School Improvement in Maryland

Using the State Curriculum: Mathematics, Grade 6

Algebra | Geometry | Measurement | Statistics | Probability | Number | Processes

Prerequisite Skills: The prerequisite skills describe what concepts a student needs to understand before working on this concept.

Standard 3.0 Knowledge of Measurement

Topic C. Applications in Measurement

Indicator 1. Estimate and apply measurement formulas

Objective b. Estimate and determine the volume of a rectangular prism

Skill 1: Understanding Measurement Terms Associated with Volume

The terms volume, prism, length, width, height and area must be understood to develop the concept of volume. Building comprehension of these terms should be done using a model to demonstrate the relationships between the terms.

  • Volume is the amount of space a three-dimensional object occupies.
  • Prisms are 3-dimensional closed figures with faces that are polygons. At least two of the faces of the prism are congruent and parallel.
  • A rectangular prism is a prism with rectangular bases and sides. There are two bases that are congruent and there are four sides. See the diagram below:

    geometric image

    Note: Use three-dimensional model to demonstrate that the selection of bases in a rectangular prism is arbitrary. If the prism is placed on another side that has not been designated the base, that side and the side opposite it will be the bases. Use these models to develop the meaning of each term through demonstration. Ideally students should be given the opportunity to hold and touch their own model as the teacher demonstrates with a model.

  • Length is the distance along a line (one-dimensional measure) or the length of an edge of a figure from one vertex to another.
  • Width is also the distance along an edge of a two-dimensional figure or three-dimensional solid.
  • Area of a Base is the product of the length and width of that base.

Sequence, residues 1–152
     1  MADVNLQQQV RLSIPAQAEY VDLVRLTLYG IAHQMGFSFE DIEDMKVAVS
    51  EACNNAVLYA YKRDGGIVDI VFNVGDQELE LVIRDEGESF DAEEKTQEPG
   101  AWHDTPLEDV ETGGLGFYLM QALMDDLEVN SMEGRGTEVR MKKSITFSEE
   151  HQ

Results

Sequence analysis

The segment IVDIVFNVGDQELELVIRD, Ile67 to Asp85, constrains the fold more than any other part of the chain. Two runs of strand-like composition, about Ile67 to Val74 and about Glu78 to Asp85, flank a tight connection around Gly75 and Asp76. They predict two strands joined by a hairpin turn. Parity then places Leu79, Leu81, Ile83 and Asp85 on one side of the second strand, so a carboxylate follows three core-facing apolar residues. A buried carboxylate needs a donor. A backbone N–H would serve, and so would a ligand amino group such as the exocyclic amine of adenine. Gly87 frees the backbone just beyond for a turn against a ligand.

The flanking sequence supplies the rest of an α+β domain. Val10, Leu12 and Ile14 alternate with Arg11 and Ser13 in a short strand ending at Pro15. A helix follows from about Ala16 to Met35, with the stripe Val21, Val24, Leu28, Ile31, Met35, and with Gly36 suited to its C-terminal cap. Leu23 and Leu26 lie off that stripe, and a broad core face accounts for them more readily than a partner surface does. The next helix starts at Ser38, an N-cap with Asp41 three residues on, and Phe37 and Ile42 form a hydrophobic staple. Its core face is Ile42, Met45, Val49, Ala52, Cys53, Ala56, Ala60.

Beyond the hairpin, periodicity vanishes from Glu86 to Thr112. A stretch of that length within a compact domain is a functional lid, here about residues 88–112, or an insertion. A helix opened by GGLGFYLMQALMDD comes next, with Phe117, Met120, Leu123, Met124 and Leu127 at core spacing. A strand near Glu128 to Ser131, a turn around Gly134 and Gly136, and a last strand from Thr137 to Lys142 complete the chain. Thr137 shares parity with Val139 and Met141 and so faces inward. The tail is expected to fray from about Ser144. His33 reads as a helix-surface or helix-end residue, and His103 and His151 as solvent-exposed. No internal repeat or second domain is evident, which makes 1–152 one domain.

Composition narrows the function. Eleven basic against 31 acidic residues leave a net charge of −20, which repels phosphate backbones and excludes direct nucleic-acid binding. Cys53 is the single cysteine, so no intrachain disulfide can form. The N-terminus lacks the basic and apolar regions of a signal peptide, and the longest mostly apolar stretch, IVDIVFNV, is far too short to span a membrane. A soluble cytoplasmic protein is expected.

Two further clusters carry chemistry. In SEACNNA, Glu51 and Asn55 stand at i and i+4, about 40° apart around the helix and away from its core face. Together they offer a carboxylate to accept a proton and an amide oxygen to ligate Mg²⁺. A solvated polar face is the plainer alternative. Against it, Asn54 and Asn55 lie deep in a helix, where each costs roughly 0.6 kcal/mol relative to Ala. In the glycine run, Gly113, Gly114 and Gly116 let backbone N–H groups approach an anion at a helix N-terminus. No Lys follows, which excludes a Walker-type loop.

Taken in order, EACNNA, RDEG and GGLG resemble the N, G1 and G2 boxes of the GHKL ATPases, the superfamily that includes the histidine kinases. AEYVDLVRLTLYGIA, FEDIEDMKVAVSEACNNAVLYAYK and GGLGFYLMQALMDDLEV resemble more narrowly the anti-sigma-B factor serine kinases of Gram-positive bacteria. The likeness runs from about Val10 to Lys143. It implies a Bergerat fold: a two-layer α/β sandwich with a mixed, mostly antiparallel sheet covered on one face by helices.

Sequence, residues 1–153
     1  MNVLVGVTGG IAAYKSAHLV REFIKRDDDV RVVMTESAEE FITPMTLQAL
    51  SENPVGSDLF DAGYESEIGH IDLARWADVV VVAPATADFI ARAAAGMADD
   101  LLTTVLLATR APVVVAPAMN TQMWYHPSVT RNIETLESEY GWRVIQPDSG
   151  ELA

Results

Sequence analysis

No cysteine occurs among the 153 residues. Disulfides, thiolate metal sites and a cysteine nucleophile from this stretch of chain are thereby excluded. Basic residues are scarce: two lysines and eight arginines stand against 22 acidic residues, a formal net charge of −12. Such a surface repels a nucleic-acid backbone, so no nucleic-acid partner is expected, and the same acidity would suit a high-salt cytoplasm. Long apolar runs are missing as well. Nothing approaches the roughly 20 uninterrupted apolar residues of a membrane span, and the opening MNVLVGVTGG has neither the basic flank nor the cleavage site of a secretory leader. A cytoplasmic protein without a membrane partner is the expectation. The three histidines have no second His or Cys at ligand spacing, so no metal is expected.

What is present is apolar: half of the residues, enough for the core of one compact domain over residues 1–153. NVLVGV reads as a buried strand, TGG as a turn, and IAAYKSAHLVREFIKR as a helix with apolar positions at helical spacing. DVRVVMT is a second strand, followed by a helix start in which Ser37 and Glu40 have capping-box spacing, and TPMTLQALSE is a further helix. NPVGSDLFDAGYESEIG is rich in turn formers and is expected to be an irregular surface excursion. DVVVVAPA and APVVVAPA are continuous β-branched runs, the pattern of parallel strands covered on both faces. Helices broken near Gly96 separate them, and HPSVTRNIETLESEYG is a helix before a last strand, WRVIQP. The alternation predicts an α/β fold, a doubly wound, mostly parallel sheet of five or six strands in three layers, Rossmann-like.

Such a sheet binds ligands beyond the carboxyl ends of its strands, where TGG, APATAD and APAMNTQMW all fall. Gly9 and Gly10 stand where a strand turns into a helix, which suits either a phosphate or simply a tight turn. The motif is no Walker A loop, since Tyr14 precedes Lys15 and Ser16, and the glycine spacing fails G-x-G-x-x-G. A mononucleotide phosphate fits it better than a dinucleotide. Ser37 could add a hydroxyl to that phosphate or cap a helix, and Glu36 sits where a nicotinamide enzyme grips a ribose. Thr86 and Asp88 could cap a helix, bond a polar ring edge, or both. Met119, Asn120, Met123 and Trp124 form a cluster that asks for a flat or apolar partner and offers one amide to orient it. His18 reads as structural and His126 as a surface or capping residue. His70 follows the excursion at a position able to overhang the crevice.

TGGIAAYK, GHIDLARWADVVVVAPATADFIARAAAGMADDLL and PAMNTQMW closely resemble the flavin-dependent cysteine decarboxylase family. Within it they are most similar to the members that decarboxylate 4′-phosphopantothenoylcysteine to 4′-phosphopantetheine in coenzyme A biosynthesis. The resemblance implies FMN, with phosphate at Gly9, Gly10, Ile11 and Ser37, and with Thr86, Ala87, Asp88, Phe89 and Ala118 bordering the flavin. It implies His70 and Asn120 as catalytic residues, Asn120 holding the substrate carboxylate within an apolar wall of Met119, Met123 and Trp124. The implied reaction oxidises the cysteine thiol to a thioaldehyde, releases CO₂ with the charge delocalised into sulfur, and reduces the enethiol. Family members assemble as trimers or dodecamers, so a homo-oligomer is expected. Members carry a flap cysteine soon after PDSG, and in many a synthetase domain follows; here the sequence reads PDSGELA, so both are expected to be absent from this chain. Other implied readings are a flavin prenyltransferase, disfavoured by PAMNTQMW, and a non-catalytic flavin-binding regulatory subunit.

• Height is the perpendicular distance between the bases of a prism.

Skill 2: Understanding the Concept of Volume as a Measure

  • Use unit cubes (or any small cubes) and build three-dimensional shapes to begin building an understanding of volume and its units of measure. Starting with small cubes, define each one as a single cubic unit.
  • Build a single rectangular layer with cubes (cubic units) within the base of the rectangular solid shape. Determine the volume of this layer by counting the cubes. Build the same rectangular layer on top of the original layer and determine the volume by again counting the cubes. Continue to build layers until the appropriate height has been reached.
  • Connect the number of cubes in each layer to the area of the base. Connect the number of layers to the height. Connect the area of the base and the height to the volume of the shape.

    Example: Determine the volume of a 3 inch by 4 inch by 3 inch rectangular solid. Below is a drawing of the 3x4 base of the rectangular solid and the first layer. Build the first layer on the base and continue building the solid by stacking 3 layers.

    geometric images

    Sources for cube activities include Area and Volume, Marion Smoothey, Marshall Cavendish Corporation, 1993 and The Super Source, Measurement, Deborah J. Slade, Carol Desoe, Cuisenaire Company, 1999.

Skill 3: Develop the Formula for the Volume of a Rectangular Solid

Once students understand the relationship between base and the height of the prism, the formula can be stated:

  • Volume of a Rectangular Prism = Area of the base x height
  • Volume of a Rectangular Prism = Length x width x height

Students will apply formulas by substituting values in place of variables to determine the area of rectangles. Work with students to move from the concrete representation of prisms as stacks of cubes to the application of volume formulas using given measurements.

Skill 4: Computation

Students will be able to multiply with whole numbers using a calculator (0-1000).

Skill 5: Estimation

Students will be able to round to different place values, including to the nearest ten or hundred, to aid in their estimation of the area of polygons and volume of prisms.